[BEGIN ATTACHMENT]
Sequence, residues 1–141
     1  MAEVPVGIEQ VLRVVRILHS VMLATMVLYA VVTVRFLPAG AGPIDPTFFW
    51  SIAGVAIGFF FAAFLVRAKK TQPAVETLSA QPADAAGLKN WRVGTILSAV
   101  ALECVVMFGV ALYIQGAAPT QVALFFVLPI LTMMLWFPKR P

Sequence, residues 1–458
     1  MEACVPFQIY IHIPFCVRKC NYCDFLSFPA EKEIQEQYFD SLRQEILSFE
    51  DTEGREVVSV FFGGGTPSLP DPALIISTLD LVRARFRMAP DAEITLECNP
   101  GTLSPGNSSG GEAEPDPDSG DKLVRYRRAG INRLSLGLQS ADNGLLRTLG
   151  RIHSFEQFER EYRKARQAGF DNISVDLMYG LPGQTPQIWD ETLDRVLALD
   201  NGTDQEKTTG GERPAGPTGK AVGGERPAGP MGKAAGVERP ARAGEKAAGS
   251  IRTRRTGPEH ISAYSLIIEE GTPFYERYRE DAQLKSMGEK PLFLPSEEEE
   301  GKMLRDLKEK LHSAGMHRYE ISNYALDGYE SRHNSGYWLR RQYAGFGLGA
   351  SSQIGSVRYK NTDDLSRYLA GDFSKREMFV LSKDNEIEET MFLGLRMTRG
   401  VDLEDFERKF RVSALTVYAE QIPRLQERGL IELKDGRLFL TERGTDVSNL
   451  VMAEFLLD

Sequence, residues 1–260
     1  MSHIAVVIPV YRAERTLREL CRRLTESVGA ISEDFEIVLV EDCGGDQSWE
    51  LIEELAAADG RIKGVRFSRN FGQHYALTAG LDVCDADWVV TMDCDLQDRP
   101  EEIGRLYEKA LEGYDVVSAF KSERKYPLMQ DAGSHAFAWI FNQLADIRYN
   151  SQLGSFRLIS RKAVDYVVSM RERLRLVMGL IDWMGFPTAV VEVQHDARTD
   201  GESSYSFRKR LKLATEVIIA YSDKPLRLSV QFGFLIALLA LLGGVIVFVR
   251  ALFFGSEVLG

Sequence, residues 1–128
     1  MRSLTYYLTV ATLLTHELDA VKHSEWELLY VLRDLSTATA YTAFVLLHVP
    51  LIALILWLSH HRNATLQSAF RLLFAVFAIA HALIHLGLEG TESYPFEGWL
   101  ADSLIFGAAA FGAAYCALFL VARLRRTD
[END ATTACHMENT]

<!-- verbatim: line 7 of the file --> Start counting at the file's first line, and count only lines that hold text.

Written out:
    51  DTEGREVVSV FFGGGTPSLP DPALIISTLD LVRARFRMAP DAEITLECNP